To get an initiative on the November ballot, the Chargers need to secure the valid signatures of 66,447 registered voters in San Diego, 10 percent of the registered voters in the last city-wide general election.
The proposed legislative act for the Chargers’ final stadium plan must be summed up in no more than 300 words for a notice of intention to be published in a daily general circulation newspaper. The Chargers have a March 25 target date for publication.
If the team hits that date, the Chargers would then file a series of required affidavits and statements with the City Clerk on April 4. Meeting the March 25 publication date would also allow the Chargers to begin circulating petitions on April 15. The team would then have 180 days to gather signatures. The team is hoping to secure between 90,000 and 100,000 signatures as a precaution against not getting enough valid signatures.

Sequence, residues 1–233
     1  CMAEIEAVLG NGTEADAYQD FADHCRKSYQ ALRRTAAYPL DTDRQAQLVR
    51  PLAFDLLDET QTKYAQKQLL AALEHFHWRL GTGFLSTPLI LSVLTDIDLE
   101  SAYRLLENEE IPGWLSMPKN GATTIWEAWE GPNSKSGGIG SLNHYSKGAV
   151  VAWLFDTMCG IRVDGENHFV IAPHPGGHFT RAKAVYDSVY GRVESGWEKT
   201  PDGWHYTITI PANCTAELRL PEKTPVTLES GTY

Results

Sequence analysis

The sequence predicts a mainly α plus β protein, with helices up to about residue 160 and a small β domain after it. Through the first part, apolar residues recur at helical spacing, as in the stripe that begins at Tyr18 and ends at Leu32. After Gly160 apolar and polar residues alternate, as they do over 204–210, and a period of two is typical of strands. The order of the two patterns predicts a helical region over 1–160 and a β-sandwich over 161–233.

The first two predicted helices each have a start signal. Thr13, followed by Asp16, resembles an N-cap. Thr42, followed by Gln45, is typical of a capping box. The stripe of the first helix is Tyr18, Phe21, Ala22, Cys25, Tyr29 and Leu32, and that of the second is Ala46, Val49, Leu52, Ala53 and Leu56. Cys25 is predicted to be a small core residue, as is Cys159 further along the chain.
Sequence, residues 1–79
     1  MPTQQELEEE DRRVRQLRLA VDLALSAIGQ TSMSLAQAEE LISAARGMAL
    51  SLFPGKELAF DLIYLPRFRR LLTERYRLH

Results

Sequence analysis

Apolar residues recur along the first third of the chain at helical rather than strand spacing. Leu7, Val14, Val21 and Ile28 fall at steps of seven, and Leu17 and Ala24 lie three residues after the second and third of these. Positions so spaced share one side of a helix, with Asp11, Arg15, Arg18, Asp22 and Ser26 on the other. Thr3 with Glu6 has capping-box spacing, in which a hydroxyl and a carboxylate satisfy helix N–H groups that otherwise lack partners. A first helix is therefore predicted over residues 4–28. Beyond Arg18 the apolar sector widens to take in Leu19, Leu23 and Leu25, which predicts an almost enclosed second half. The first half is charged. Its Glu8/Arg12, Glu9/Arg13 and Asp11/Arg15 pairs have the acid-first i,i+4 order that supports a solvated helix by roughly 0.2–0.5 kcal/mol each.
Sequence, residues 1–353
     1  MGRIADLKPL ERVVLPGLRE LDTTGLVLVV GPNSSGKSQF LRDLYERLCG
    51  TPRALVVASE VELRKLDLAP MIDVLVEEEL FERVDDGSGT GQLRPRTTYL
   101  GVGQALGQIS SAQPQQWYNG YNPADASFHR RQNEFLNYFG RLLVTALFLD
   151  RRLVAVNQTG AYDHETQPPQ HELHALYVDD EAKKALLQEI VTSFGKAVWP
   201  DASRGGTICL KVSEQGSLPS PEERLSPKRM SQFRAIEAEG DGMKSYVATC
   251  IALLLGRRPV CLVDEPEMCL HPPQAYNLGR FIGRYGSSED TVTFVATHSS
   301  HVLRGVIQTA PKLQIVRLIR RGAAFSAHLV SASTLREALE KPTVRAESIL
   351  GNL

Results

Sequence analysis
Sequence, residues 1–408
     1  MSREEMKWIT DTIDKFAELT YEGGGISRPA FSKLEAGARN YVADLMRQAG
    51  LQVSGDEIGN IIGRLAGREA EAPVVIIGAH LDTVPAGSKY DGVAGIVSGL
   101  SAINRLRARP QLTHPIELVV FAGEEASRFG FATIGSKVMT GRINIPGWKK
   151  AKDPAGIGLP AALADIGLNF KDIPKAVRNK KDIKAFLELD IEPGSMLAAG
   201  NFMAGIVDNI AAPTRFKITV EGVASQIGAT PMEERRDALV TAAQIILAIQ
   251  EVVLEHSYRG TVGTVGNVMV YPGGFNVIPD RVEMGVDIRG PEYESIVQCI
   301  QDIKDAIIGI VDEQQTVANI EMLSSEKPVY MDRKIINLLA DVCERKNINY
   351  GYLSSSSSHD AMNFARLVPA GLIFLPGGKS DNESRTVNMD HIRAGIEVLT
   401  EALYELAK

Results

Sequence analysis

The Chargers would then file signed initiative petitions with the City Clerk’s office for verification. The clerk’s office has 30 days to verify the signatures. The team hopes to place the certification of signature verification results on the San Diego City Council docket by July 15. Aug. 2 is the last possible regular City Council meeting to place the measure on the Nov. 8 ballot. Aug. 12 is the last day the Council can file a request with the San Diego Board of Supervisors to consolidate the measure with the statewide general election.
And this is where the San Diego process will likely differ with what happened with the Inglewood and Carson city councils. Under state law, if the initiatives gather enough valid signatures to be placed on the ballot, the local governing body can approve the measure outright without putting it up for election. That is what both the Inglewood and Carson councils did.
San Diego officials, however, have said repeatedly they believe any stadium plan requiring public financing should be placed on the ballot, a stance that has frustrated NFL officials.
As recently as an October meeting in San Diego, top NFL officials encouraged local officials to certify an EIR and then see what happens. Even if the San Diego city council did approve the initiative without an election there is the likelihood that citizen’s groups would target referendums against the council decision.